Does that sound like a normal conversation? Not a chance.

Second issue with the first example. Bob already knows the facility was shut down due to the purple spots epidemic so they wouldn’t really be having this conversation. Do not use dialogue to info dump.

Some really fast tips are:
Dialogue tags--Do not veer too far away from he said/she said. If you are always adding clever replacements, they call attention to themselves. He cried . . . She spouted . . . They queried . . . He growled . . . She stuttered.

Using he said or she said is invisible to the reader. The others draw attention to themselves in a negative way.

On the same lines be careful about adverb usage. He said excitedly, she said dejectedly, he cried angrily, she whispered sexily. That gets really irritating really fast. It looks amateurish and you will be embarrassed if your book ever makes it to print (trust me on this one).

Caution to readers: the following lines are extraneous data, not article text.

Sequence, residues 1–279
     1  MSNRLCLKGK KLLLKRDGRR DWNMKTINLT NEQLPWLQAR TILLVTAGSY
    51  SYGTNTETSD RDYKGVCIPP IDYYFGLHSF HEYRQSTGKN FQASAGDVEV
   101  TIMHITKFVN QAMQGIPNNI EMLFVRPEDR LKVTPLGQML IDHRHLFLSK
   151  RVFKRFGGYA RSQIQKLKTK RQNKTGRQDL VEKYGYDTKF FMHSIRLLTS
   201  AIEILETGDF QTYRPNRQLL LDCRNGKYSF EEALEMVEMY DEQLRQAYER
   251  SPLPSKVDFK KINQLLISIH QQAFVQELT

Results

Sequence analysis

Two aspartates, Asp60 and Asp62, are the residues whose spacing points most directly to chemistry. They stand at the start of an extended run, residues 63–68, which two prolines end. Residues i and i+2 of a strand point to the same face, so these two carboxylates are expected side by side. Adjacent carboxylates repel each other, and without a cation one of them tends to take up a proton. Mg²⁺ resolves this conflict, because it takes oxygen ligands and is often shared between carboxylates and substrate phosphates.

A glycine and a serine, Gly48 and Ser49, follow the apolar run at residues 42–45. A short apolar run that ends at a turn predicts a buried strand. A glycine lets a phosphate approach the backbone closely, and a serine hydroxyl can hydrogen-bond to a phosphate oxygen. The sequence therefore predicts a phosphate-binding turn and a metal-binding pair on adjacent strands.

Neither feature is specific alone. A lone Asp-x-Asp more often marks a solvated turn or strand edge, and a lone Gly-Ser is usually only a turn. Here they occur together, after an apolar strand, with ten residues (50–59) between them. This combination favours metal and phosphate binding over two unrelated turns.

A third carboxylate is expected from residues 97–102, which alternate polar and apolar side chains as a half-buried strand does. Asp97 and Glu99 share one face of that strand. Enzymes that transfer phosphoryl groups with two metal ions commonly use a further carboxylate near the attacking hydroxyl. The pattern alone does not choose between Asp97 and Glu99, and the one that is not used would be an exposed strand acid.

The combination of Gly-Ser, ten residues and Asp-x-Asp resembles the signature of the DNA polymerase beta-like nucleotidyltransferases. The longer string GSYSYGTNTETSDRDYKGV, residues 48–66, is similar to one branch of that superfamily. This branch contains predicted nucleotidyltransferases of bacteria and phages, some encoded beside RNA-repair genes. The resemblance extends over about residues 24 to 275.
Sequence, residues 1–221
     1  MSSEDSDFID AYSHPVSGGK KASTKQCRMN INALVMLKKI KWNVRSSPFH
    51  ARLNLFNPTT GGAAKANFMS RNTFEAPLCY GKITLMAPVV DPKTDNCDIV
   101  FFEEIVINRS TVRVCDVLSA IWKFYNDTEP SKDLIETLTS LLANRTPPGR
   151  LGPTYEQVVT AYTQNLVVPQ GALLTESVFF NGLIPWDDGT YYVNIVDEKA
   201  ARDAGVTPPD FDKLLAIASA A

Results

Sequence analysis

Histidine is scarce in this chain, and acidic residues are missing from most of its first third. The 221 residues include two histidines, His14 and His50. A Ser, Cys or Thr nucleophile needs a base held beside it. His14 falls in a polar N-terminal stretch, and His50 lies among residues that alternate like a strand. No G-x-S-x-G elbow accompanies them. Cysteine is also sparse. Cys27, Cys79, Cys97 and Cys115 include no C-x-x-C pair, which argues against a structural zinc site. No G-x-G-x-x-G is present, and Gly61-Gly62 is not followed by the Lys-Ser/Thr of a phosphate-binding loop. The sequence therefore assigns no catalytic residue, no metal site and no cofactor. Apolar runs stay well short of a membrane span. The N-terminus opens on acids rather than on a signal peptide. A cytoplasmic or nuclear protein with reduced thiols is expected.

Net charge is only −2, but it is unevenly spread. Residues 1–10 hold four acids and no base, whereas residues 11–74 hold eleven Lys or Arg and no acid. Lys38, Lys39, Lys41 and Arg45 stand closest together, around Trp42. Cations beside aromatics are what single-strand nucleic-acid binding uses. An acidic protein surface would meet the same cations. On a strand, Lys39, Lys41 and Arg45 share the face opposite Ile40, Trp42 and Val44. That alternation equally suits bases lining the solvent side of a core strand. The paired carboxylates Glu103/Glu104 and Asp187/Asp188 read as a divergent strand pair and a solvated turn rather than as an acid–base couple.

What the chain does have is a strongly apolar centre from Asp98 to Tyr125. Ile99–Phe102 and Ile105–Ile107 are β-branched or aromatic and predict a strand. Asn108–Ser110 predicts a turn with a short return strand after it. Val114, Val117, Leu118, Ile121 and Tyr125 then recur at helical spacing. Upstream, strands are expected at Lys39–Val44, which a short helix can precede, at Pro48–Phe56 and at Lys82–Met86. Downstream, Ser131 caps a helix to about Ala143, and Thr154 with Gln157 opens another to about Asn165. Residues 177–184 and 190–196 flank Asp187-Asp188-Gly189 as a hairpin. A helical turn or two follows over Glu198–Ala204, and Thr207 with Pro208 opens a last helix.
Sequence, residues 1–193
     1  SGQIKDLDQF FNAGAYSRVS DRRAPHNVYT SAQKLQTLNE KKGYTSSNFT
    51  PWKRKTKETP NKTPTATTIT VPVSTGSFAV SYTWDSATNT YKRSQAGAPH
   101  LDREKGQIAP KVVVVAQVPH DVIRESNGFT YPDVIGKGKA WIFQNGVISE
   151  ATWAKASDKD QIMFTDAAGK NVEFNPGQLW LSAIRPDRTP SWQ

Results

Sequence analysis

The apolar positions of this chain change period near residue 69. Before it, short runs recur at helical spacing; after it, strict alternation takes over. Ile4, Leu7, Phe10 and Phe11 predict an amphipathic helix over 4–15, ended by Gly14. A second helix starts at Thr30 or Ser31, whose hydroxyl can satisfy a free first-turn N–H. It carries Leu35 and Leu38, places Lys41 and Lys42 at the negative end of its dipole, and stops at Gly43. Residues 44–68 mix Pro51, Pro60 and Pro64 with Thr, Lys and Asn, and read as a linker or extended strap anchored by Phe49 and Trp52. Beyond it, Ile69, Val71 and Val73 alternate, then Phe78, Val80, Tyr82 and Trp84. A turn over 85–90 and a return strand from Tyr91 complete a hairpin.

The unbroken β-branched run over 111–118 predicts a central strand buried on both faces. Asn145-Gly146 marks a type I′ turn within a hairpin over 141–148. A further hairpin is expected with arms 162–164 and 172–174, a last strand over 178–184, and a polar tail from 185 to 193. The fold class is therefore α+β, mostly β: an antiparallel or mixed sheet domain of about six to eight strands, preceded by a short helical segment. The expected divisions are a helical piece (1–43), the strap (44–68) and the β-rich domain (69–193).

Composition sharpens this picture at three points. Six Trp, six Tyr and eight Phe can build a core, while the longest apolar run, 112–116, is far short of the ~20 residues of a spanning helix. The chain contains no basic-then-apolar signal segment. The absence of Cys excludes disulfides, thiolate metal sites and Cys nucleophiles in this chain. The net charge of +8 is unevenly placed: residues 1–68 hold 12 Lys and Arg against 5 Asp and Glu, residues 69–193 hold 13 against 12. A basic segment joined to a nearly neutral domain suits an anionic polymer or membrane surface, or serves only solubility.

Weave conversation naturally with action and a dash of exposition (remember, I said DASH!). Break up the dialogue with action and internal thought.
An example:

“I came to say I’m sorry.” He bent down and rubbed his hands in the dirt
for a minute to clean them off. Hap preferred dirt to tomatoes any
day.

She turned to him, her pulsating hazel eyes glowered. If she’d had the
superpower of heat vision, he’d have been nothing but a pile of ash. “What
exactly are you sorry for?” she asked.

What? Was this a quiz? Wasn’t it enough to apologize without having to
consider the details? He shrugged. It was the best answer he had. The fewer
words, the faster he could get back and figure what Tolvan meant by an’ icy
trust.’

“I’m asking,” she said, while climbing down from the boulder. “I’m asking
because I want to know if you’re sorry for making fun of my magic trick, or for